Calorie restriction (usually abbreviated to CR) is a strategy proven to extend healthy and maximum life span in rodents and primates. Some animal studies conducted over the past 20 years have shown up to a 40% increase in maximum life span - though there is good reason to believe that any gain in human life span through life-long CR would be much more modest.
Calorie restriction also provides numerous secondary benefits, such as a greatly lowered risk for most degenerative conditions of aging, and improved measures of general health. In recent years, human studies have demonstrated that these same secondary health benefits are available to you and I, not just to laboratory animals. Many researchers believe that the evidence to date shows the practice of CR will extend the healthy human life span, but a consensus has not yet been reached on this topic.
Calorie Restriction in a Nutshell
A calorie restriction diet aims to reduce your intake of calories to a level 20-40% lower than is typical, while still obtaining all the necessary nutrients and vitamins. CR is also known as CRON, for "calorie restriction with optimal nutrition," and its practitioners have accumulated many years of experience and experimentation. As a result, good books and a supportive community exist to help newcomers adopt the best practices for CR in humans. Mild CR may be as easy as adopting a much healthier diet, taking a few supplements and not eating snacks.
The degree to which CR can extend the healthy human life span is open to debate - and is the subject of vigorous discussion within the scientific community - but the evidence for at least some healthy life extension is compelling. A sampler of articles from the past few years illustrates this point:
Before going further, it is a good idea to read the Fight Aging! disclaimer and take a few moments to think about responsibility and health. It is a wise idea to consult with your physician before embarking on any change in diet aimed at improving your health or longevity, especially if you have a medical condition. There is no substitute for taking personal responsibility in health and research!
That said, on with the discussion of calorie restriction. You may have seen CR mentioned more often and in more detail in the mainstream media of late; the phrase "low-calorie diet" has also seen a lot of usage. To be precise about these terms, calorie restriction is simply the most widespread and well-researched form of low-calorie diet.
Modern CR Science
The beneficial effects of CR in laboratory animals have been known for a long time, but only in the past decade - and in particular over the past few years - has more funding and effort been devoted to this field. In the present day, human studies such as CALERIE are underway and many research groups are digging into the biochemistry that could explain how and why CR is so good for health and longevity.
The genes and processes that control metabolism are notoriously complex, and scientists do not yet have a complete understanding of the way in which CR fits into the overall picture. But they are working on it.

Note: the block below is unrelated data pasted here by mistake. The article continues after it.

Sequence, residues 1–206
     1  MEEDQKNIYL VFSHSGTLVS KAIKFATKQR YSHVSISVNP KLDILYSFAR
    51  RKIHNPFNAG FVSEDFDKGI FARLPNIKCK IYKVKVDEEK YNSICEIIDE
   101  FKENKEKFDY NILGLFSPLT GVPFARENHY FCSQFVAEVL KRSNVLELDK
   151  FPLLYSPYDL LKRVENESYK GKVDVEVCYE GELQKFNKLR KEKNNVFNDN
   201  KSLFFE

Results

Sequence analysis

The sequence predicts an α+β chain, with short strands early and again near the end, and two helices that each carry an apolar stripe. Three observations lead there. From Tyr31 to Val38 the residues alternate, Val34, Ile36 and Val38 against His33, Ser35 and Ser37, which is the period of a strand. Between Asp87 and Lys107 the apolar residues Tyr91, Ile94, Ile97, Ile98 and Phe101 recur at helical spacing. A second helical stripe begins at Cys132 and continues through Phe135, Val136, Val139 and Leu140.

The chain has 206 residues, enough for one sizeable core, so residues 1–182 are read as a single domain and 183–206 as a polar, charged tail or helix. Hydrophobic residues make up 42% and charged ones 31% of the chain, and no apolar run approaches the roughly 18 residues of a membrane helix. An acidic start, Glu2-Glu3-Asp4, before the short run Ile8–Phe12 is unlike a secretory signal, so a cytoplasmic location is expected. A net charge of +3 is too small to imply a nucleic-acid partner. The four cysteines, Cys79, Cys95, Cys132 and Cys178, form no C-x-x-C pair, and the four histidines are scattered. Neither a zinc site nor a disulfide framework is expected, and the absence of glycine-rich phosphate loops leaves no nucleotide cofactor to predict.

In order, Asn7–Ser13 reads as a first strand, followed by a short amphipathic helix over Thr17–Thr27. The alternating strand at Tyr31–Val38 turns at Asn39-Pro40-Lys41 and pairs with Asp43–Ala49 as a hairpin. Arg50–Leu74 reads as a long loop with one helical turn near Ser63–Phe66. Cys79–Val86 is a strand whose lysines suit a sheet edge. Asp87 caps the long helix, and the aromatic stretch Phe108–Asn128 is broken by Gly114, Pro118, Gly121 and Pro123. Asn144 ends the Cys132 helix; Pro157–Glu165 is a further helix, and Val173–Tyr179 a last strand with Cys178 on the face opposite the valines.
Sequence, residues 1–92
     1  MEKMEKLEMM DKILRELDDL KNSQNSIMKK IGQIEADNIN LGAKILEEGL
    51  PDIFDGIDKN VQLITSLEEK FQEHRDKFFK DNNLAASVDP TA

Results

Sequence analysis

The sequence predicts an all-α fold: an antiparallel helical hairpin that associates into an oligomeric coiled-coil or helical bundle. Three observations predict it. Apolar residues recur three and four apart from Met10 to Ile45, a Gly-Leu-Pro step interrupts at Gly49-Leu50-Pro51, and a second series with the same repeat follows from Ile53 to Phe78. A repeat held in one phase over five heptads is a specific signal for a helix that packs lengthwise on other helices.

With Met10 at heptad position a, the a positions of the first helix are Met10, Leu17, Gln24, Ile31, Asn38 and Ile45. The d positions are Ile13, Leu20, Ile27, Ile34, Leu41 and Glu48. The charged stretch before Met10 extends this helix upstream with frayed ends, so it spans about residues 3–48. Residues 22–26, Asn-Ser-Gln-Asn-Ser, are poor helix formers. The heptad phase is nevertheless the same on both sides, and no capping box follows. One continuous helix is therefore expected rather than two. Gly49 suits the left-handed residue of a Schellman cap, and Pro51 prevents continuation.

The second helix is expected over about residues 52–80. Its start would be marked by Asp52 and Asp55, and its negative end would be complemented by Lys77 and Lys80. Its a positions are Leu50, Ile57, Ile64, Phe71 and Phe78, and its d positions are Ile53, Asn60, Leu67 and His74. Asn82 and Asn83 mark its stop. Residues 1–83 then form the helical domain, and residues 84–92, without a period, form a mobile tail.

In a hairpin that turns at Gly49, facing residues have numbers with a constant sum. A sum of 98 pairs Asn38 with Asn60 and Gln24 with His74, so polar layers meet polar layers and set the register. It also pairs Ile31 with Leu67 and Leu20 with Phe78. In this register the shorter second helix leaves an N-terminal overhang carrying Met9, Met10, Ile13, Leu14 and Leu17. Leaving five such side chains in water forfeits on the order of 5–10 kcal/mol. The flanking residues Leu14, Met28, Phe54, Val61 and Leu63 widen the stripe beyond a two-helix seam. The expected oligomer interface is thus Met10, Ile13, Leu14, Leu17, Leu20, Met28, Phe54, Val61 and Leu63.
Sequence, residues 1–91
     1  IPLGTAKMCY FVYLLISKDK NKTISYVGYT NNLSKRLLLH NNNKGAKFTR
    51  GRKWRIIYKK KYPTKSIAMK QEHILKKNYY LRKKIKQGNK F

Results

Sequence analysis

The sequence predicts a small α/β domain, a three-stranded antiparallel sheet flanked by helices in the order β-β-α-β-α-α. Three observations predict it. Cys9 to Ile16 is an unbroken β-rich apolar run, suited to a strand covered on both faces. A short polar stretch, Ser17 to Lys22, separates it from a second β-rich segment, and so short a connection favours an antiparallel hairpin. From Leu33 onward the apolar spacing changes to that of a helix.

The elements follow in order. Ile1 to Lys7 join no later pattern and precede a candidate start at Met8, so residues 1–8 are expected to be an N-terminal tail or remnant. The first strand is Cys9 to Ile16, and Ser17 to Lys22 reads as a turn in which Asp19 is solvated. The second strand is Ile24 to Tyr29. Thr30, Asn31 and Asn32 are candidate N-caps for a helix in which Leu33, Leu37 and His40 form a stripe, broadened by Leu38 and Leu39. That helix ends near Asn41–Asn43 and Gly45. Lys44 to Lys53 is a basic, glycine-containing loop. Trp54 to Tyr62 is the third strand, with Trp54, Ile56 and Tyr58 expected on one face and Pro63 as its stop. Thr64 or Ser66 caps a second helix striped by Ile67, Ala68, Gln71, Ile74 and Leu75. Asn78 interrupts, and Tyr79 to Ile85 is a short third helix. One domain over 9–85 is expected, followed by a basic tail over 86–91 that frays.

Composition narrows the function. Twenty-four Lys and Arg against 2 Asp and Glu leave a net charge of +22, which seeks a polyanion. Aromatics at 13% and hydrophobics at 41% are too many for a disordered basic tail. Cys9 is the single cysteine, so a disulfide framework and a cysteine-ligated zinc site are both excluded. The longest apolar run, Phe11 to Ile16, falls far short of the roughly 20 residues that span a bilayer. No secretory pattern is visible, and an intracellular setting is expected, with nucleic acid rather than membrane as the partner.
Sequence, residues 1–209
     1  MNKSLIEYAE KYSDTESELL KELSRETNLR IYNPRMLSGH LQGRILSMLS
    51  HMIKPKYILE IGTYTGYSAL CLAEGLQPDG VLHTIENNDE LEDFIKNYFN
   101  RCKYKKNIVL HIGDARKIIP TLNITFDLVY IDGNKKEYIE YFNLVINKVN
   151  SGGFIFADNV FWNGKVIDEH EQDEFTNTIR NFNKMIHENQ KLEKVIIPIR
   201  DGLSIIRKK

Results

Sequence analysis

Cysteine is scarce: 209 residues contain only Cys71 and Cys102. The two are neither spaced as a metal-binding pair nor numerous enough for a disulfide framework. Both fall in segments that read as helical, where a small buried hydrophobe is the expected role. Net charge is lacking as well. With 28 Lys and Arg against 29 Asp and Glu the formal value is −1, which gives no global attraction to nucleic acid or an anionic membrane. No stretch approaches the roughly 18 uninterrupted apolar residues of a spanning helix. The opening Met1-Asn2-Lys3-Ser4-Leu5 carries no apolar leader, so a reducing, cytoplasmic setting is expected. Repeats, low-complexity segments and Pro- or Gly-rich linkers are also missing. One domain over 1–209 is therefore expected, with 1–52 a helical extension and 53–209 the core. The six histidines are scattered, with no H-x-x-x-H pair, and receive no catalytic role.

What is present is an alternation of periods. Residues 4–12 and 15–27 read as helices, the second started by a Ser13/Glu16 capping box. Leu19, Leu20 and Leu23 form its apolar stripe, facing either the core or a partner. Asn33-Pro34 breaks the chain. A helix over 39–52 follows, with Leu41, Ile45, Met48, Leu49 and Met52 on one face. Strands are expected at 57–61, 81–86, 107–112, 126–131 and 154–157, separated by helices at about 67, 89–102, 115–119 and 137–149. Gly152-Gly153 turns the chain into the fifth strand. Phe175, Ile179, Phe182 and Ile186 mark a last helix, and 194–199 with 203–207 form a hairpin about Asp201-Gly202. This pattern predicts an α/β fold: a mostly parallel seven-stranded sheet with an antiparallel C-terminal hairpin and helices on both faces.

Many reputable health websites maintain an informative section on CR. Unfortunately, some of these resources exaggerate minor difficulties experienced by people who practice CR - this is something you will see in the media as well. An article from MSNBC in early 2003 went so far as to use the word "torturous" to describe the experience of trying CR! This is all far from true: starting on CR is no harder than any other diet change.
Weight loss should be mentioned in the context of CR, even though it is not the primary goal of a CR diet - if you eat fewer calories, you will slim down. Research indicates that being overweight, or carrying excess body fat, is harmful to your long term health in many different ways. Excess weight increases risk factors for conditions ranging from diabetes to cancer to Alzheimer's, most likely due to the relationship between fat cells and chronic inflammation. It is no exaggeration to say that if you are overweight, you will have a shorter, less healthy life - many recent studies suggest that even comparatively little excess weight is bad for you over the long term, significantly raising your chances of suffering a range of age-related conditions. Some portion of the health benefits of CR are likely to stem from the accompanying loss of weight and body fat - although biochemical research indicates that there is clearly more than just that going on under the hood. CR is also doing something positive with the controlling mechanisms of metabolism.
For example, it appears that CR provides a boost to the process of autophagy. Autophagy is the way in which your cells remove damaged components in order to recycle the materials into new replacement parts. Several lines of research indicate specific types of damaged cellular components left to cause problems over time contribute to age-related decline and damage inflicted upon the rest of your body's machinery. More autophagy may help reduce this contribution to the aging process.
How to get started on CR? You'll find a wealth of information and many, many starting points out there, some of which can be quite intimidating to the newcomer. You might find the following path useful:
Obtain a Copy of "The Longevity Diet: Discover Calorie Restriction"
This book is a very good, easy introduction to the principles and simple ideas behind calorie restriction. Beyond that, it is a practical guide that will help you over a lot of the early pitfalls. It handily answers the "what exactly is it I eat?" question and offers some great tips for new practitioners.
Practice Eating a Better Diet First